I don’t know if these two aforementioned actions are now studied at the Army War College, or wherever we teach military strategy, but it does clearly underscore the need for our political and military leaders to fully appreciate the value of and the responsibility for the extraordinary asset we have in our military forces and to use them wisely. I’m not at all sure we did in Grenada.

Barbados Redux

We were first in Barbados about thirty years ago on an emergency trip from London in search of some March fun in the sun.  Darling Wife S. and I had booked rather late, but there were many flights on British Airways to the former island colony.  In fact, Barbados did not get its independence and enter commonwealth status until 1966, so the remnants of the Caribbean raj were still much in evidence.  If one stayed at the iconic Sandy Lane, (still going strong), one might have thought to be on the coast of Devon with, of course, some tropical accoutrements.

Today, things have changed. Time does that, doesn’t it?  I no longer hear the lilt of of the natives speaking with a faint English accent.  Believe it or not, it’s now the American that I hear coming through.  All along the beach at least, near the Cobbler’s Cove hotel where we stayed, are now very large, maintenance-deferred, somewhat tawdry beach mansions built, I assume, by the English in better days.  Greek Revival, faux Mediterranean, and a little of everything else.  Oh, don’t get me wrong, you can still get kippered herring for breakfast, but the bacon has become Americanized.

I detected a little melancholia in attitude of the locals that I spoke to.  Our guide and driver, Adrian, lamented that tourism was the only revenue producing industry still standing – besides rum, that is – and even rum making is in jeopardy due to the islands inability to consistently produce enough sugar cane syrup.  Later Adrian admitted that the island was self-sufficient only in a surfeit of tourists.  Not enough oil, not enough food, no (or little) high tech, no off-shore finance.  Just a constant stream of cruise ships and airplanes bringing pasty-skinned gringos in search of early spring sun with their dollars and pound sterling in pocket.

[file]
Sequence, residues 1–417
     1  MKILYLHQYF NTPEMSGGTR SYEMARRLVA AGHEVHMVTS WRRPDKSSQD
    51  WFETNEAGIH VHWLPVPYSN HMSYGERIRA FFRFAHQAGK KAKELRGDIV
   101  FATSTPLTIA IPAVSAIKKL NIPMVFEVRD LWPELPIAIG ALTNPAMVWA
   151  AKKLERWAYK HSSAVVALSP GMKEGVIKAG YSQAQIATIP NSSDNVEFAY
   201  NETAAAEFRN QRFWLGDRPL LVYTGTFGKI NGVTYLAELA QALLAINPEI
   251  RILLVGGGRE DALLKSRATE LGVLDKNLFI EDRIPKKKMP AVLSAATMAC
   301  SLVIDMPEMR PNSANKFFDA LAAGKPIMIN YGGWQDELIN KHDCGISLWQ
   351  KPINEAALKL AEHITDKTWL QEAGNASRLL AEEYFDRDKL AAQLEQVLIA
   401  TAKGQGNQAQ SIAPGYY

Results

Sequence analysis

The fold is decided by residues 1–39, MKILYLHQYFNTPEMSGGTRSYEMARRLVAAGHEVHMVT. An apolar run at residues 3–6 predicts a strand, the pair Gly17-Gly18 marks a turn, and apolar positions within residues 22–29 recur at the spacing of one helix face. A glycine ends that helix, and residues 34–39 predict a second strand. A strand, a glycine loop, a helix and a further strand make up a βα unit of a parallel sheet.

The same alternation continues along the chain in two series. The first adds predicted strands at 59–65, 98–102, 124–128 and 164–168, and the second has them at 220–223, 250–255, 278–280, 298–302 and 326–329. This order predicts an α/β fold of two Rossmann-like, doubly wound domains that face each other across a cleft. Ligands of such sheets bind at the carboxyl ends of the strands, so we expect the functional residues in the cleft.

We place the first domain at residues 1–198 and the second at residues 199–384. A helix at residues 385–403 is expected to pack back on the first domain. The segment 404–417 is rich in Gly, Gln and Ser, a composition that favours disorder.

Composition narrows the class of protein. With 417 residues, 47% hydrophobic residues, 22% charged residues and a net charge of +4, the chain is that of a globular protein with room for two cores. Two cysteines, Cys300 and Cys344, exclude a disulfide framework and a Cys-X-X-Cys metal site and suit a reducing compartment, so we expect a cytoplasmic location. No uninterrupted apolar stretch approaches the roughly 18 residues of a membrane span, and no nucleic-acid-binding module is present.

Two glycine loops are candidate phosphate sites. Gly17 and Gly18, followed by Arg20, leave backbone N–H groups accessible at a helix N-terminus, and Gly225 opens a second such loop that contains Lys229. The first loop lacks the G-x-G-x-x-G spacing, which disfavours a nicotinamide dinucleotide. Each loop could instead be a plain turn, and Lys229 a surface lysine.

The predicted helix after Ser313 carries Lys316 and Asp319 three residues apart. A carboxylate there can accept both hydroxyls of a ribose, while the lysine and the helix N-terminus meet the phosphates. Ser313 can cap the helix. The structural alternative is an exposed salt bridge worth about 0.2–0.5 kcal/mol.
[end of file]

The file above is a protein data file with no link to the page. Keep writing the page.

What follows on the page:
I’m sure that most of you are up to speed on your Barbadian history, but let me refresh you on just a couple of points.  Barbados was initially inhabited by the Amer-Indian around 500 CE, probably from Venezuela, and a later wave of Arawaks in the 8th century, and finally the Caribs (a mean group if there ever was one) in the mid-13th century.  Sooner than you you would think, the Portuguese were poking around the islands looking for gold, as was their wont, and stumbled on the eastern most of the Caribbean islands.  They named it Barbados, or the “Bearded One.”  No, the Caribs had not forgotten to shave, the beard idea came from the local fig tree that sported long tendrils much like a beard.  Go figure.  Not long thereafter the Brits showed up and stayed the course for some 300 years.  Finally in 1966, the island gained its independence and assumed Commonwealth status which it still enjoys, or doesn’t, depending on who you talk to.  However, the Brits have not stopped coming here for the very good reason that the weather really sucks around March in England, and most self-respecting Brits are looking for someplace with certain sunshine to repair too.  Just as my family did in 1986, our first visit to the island.